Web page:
Fraud and financial crime issues discussed at an in-person roundtable with Feedzai and ACFCS in Australia

Feedzai’s Dan Holmes recently joined Casey Nelson, Senior Director of Training Solutions for the Association of Certified Financial Crime Specialists (ACFCS), at the Lessons Learned from Fighting Scams Across the Regions in-person executive roundtable in Australia. Here are the key takeaways from the discussions with the senior executive leaders in financial institutions across Australia.

Australia is Following the UK’s Liability Example

Scams have been a dominant force in the UK, with citizens losing £754 million to scams so far this year, according to UK Finance. Scams are now so prevalent that UK banks will soon be required to fully reimburse customers who are deceived by authorized push payment (APP) scams. Liability will also be split between the beneficiary and sending banks for the first time ever  

Across the globe, Australian banks are facing the same situation. As such, banks must address the same decisions regarding how to compensate scam victims. It appears some Australian banks will likely take the same position as their UK counterparts. One attendee noted they had spoken with the UK’s TSB Bank, which has offered customers a full refund if they are scammed for several years prior to the latest requirement. 

Fraudsters are Heavily Targeting the Australian Market

Australian banks will continue to face these liability questions as the nation sees a rise in scam activity. This is likely because Australian citizens have been underexposed to educational campaigns about how scams operate. This has left many unprepared to identify a scam and resulted in nearly $300 million AUD in losses in the first half of 2022. This figure unfortunately further supports the ongoing trend that customers are the weakest part of the chain in a scam.

Nelson pointed out that fraud is almost always more rudimentary than most people imagine. “You picture these darknet hackers sitting in a back room. But really, it’s just a phone call to somebody half the time or a text message; it’s basic social engineering,” he said.

Regardless of how they engage online, Nelson said banks should both increase their communication and the quality of education to reach their audiences where they spend the most time. Nelson added that banks should educate customers using the most appropriate channels to raise awareness of scams. Younger people, for example, are more active on social media platforms like YouTube and TikTok where many scams originate. Therefore banks need to push educational materials onto these channels to help younger customers stay safe.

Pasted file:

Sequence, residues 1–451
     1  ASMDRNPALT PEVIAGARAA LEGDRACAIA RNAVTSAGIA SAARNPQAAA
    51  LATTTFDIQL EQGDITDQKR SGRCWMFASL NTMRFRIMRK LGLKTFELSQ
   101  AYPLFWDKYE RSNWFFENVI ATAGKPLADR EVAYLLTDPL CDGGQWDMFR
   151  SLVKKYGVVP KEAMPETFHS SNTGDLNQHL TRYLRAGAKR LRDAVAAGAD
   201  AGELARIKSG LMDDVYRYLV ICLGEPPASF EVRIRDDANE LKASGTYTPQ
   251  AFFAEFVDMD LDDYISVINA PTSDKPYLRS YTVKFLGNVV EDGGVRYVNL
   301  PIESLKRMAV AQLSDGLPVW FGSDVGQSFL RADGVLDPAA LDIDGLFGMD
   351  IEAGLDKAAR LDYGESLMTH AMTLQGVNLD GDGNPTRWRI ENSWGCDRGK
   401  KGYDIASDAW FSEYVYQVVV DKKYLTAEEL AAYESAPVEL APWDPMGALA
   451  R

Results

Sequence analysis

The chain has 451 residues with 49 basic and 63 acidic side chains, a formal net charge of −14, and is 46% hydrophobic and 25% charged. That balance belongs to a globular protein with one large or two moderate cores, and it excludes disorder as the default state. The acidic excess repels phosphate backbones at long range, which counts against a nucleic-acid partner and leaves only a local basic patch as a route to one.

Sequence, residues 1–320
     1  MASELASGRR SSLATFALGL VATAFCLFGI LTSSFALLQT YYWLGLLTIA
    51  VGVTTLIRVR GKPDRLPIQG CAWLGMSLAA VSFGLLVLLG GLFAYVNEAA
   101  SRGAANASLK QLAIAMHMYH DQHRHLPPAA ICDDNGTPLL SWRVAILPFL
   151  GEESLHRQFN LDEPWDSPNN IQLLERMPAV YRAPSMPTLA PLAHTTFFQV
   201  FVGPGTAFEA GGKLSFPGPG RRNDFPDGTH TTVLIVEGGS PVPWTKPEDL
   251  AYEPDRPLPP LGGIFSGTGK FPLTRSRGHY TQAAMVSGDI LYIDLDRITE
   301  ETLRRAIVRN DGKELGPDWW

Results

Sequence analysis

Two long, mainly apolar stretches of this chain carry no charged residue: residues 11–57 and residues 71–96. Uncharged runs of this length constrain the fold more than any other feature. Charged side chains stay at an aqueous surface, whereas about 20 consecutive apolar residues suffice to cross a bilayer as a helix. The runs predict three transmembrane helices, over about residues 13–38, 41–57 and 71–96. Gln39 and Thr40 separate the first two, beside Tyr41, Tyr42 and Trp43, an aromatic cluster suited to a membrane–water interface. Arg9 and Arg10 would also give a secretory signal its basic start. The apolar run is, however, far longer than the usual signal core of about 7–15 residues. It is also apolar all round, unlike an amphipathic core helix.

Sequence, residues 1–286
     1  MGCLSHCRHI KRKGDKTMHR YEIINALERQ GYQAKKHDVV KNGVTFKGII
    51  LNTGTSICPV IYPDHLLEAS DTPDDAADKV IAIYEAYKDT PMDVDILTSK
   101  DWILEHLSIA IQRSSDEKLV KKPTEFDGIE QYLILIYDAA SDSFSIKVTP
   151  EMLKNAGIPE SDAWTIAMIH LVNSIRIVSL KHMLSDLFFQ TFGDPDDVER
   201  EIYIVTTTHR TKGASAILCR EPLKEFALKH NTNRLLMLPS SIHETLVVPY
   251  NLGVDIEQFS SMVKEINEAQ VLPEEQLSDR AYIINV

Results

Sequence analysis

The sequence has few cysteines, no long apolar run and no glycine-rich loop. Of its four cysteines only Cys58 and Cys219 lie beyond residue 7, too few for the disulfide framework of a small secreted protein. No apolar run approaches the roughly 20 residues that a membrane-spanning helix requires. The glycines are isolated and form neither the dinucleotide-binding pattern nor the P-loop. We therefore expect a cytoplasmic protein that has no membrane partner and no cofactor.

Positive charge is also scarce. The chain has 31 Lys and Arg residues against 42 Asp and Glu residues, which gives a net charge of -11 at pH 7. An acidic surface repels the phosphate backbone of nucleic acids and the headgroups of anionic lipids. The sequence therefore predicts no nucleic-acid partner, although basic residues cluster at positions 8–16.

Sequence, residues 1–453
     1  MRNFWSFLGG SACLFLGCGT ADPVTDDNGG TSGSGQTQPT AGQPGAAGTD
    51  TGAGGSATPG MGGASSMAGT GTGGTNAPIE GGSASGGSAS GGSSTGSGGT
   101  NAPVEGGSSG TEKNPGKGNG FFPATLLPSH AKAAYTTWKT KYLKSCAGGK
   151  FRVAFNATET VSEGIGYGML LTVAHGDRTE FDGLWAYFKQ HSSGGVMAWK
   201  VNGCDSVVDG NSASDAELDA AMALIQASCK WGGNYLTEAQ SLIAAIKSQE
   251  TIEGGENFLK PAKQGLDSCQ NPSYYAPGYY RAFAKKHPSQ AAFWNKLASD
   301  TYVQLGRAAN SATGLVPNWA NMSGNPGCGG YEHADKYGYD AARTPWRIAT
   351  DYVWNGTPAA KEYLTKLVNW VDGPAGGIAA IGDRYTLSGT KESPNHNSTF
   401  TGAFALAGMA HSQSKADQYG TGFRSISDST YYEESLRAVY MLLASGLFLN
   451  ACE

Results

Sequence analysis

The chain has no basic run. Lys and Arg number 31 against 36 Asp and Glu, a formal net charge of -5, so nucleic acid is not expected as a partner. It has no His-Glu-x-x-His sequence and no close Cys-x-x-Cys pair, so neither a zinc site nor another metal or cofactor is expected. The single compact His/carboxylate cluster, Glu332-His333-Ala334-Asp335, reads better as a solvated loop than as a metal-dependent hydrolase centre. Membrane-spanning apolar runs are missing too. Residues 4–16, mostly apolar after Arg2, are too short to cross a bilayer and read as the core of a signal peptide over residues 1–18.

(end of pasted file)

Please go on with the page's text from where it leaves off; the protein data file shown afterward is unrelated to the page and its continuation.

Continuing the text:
“Firms have to get more creative,” said Nelson. “They’re going to have to diversify their communication. For one set of demographics, doing things using YouTube, Twitter, and even TikTok and whatever else is the newest thing.”

At the same time, banks can’t forget about older customers who are more likely to encounter phishing attempts via email. They should also warn customers about the risks of number spoofing in which fraudsters call from a number that looks like their real bank.

“Don’t forget about your other demographic and the traditional ways they’re used to receiving communication,” Nelson said.

Engage with Big Tech, Telcos, and Law Enforcement

Customers are not the only ones to educate about fraud risks. Big Tech also plays a role in connecting fraudsters with their targets. As such, banks and governments should educate large tech companies on how their services play a role in fraud and scams.

Take the telecom sector, for example. Fraud often passes through several technological channels before it reaches customers. Fraudsters use telecom providers, for example, to reach their targets via email, spoofed numbers, and SMS. Meanwhile, social media platforms like Meta and Alphabet have become launchpads for scams thanks to fake ads. Banks can gather information about how these scams reached their customers using Big Tech and Telco services.